Below you’ll find the graphic recording, audio, video, and transcript from “Real Estate for Radicals” presented by Erin Graves on January 25th, 2023.
About the presenter
Erin Graves is a Senior Policy Analyst and Advisor at the Federal Reserve Bank of Boston. I research housing and other policies that combat and create disadvantages. Graves received a Doctorate in Urban Planning and Sociology from the Massachusetts Institute of Technology and a Masters in Planning from the University of Illinois, Chicago. Graves has published numerous book chapters, white papers, and in Housing Policy Debate, Journal of the American Planning Association, City & Community, and Urban Education. She also manages the Visiting Scholar program at the Federal Reserve Bank of Boston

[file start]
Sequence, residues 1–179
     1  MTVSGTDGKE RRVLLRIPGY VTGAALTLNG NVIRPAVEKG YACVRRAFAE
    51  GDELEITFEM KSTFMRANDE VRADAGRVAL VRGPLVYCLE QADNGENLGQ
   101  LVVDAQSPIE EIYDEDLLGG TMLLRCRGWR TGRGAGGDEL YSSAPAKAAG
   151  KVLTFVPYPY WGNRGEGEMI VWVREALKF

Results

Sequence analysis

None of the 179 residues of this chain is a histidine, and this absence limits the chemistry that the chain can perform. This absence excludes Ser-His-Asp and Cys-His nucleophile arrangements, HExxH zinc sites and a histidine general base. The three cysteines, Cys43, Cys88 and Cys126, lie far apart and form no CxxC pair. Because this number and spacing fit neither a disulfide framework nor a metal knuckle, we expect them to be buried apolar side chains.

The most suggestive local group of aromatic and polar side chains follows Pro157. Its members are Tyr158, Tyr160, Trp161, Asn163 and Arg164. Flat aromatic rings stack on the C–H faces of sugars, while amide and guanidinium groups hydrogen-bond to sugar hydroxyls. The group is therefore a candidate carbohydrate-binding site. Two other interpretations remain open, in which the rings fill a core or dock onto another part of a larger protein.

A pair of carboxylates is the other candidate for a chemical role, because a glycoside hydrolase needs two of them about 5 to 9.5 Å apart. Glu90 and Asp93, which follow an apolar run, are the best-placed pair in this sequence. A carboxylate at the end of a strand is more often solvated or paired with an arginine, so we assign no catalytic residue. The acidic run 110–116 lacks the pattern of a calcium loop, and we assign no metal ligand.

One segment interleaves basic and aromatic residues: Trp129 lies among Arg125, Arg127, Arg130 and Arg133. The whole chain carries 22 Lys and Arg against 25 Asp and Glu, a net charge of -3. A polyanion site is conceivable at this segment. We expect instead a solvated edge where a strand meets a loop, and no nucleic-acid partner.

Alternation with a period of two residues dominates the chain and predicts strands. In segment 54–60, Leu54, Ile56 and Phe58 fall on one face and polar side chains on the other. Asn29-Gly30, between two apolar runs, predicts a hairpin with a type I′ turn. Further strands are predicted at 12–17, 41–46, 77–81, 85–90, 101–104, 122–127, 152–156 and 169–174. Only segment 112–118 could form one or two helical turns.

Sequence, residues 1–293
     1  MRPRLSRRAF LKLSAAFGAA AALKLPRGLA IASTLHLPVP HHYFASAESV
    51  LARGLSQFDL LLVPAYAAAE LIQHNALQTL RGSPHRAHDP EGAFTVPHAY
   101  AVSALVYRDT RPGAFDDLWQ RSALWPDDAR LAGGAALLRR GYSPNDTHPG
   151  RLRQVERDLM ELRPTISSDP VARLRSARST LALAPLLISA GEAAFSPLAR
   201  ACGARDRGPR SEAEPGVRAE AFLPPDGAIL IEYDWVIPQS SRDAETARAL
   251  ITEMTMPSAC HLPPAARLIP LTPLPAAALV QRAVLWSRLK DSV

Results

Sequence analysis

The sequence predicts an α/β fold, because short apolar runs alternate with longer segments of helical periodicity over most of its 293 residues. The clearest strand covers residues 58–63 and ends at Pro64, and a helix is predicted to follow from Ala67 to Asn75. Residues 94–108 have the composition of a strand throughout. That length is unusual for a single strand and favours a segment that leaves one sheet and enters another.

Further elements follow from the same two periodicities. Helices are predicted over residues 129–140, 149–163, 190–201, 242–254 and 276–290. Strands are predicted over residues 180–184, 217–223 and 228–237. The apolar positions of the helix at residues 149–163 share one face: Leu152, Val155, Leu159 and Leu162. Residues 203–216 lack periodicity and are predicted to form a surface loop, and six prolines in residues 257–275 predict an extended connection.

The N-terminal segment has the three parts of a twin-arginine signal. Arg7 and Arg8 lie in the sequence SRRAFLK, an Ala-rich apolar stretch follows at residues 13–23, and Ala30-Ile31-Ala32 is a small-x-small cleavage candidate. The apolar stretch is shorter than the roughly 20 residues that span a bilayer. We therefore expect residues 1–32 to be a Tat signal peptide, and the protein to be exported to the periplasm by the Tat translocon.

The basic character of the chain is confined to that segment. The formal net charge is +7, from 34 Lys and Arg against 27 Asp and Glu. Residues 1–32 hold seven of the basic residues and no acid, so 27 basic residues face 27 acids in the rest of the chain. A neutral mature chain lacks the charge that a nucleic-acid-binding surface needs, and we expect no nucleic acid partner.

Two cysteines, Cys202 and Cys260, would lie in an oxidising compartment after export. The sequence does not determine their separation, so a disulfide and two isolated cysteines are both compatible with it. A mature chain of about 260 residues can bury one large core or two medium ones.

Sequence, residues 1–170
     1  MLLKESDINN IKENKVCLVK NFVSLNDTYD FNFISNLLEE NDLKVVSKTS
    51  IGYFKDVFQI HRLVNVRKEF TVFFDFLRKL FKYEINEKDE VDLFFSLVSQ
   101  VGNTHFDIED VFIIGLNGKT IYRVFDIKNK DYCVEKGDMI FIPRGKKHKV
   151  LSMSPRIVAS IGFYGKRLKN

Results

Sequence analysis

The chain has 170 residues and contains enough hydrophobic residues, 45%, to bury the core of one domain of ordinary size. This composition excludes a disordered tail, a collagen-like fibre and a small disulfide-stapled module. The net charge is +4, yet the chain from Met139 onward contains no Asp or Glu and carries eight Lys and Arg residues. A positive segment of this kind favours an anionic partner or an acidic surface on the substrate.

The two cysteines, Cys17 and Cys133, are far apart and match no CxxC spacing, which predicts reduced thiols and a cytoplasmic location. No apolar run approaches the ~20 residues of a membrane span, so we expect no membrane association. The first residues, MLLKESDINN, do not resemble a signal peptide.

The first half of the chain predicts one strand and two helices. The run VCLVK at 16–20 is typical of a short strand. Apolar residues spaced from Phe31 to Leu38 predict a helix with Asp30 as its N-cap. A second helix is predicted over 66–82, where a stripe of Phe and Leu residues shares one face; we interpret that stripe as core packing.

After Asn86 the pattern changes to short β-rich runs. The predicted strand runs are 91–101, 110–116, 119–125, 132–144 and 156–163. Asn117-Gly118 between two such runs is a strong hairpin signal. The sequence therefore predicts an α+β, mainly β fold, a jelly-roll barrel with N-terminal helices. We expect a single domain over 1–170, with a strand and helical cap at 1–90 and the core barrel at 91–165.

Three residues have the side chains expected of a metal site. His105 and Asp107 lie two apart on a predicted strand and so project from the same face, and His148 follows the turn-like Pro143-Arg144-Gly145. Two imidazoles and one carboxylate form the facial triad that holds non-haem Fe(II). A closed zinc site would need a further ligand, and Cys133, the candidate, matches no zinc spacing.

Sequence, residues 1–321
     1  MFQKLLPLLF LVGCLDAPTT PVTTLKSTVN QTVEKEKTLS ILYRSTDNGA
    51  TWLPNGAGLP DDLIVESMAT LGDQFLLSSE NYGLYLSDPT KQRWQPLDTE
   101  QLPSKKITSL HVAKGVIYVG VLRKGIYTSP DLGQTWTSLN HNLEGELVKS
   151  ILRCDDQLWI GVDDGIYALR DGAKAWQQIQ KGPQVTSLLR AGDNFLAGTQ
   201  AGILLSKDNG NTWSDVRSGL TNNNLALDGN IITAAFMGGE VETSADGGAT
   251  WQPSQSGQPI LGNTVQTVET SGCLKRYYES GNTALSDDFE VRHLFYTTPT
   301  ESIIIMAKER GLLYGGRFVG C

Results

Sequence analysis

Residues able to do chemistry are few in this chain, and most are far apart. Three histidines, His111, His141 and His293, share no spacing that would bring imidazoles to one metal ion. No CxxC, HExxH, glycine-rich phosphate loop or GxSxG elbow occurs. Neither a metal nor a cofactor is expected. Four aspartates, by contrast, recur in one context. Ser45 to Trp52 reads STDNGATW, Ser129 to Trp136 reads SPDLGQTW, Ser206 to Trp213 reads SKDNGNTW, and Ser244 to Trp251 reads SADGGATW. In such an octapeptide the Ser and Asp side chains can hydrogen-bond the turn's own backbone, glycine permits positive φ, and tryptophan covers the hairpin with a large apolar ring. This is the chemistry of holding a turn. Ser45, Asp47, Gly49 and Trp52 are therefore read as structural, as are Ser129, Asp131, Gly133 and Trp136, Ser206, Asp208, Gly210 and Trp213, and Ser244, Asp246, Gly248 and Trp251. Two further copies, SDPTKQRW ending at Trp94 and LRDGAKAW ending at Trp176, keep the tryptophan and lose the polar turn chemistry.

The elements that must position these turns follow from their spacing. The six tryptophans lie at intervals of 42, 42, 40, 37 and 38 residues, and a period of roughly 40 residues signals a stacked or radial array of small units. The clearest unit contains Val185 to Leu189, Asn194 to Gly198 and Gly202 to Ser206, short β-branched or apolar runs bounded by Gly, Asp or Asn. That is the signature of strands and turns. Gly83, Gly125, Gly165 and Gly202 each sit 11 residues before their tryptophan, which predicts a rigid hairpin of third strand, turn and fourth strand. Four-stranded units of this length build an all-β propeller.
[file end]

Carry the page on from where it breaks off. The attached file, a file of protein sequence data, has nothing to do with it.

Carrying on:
About the series
Shareable is partnering with Tufts University on this special series hosted by professor Julian Agyeman (Co-chair of Shareable’s Board) and Cities@Tufts. Initially designed for Tufts students, faculty, and alumni, the colloquium has been opened up to the public with the support of Shareable, and The Kresge Foundation.
Cities@Tufts Lectures explores the impact of urban planning on our communities and the opportunities to design for greater equity and justice.
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“Real Estate for Radicals” Transcript
Erin Graves: [00:00:06] Living in an alternative housing environment — what does that do for individual development? Is that household able to thrive and do well in terms of household’s financial stability and social stability? It’s also very curious to scholars what happens with civic development. Do these alternative housing programs and environments create the right setting for people to become more politically active, engaged citizens? And then the community development question — what do these alternative housing schemes, how do they fit in with the rest of the community? And the main question there is do they detract from value by creating some sort of alternative way in the real estate market?